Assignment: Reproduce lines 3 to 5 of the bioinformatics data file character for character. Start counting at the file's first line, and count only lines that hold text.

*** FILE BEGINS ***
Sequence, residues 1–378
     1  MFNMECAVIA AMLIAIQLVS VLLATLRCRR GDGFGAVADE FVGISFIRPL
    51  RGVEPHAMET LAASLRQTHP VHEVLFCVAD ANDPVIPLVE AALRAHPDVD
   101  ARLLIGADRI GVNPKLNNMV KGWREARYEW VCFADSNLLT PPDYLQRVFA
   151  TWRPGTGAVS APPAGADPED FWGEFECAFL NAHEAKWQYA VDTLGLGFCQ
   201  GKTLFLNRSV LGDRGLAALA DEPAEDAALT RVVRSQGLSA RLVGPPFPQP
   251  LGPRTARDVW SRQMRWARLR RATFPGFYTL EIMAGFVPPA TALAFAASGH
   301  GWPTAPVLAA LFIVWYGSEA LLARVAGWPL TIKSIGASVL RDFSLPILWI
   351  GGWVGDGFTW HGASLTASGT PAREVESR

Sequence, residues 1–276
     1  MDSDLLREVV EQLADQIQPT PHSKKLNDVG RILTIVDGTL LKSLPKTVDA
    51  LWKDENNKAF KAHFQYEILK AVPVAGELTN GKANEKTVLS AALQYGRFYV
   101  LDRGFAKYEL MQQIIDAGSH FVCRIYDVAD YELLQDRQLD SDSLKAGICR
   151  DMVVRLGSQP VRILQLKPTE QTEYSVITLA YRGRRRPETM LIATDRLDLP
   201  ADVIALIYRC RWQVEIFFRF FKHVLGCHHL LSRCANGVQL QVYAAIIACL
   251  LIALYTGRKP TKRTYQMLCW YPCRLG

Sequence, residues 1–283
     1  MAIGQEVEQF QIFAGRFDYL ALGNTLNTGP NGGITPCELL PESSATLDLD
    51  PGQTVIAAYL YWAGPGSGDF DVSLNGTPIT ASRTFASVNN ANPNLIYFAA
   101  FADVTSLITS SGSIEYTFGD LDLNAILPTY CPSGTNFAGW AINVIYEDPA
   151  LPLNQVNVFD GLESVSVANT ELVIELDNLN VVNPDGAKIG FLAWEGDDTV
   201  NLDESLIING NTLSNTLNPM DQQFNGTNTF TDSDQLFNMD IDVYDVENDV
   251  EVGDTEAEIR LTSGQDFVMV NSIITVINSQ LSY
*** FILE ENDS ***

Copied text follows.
    51  RGVEPHAMET LAASLRQTHP VHEVLFCVAD ANDPVIPLVE AALRAHPDVD
   101  ARLLIGADRI GVNPKLNNMV KGWREARYEW VCFADSNLLT PPDYLQRVFA
   151  TWRPGTGAVS APPAGADPED FWGEFECAFL NAHEAKWQYA VDTLGLGFCQ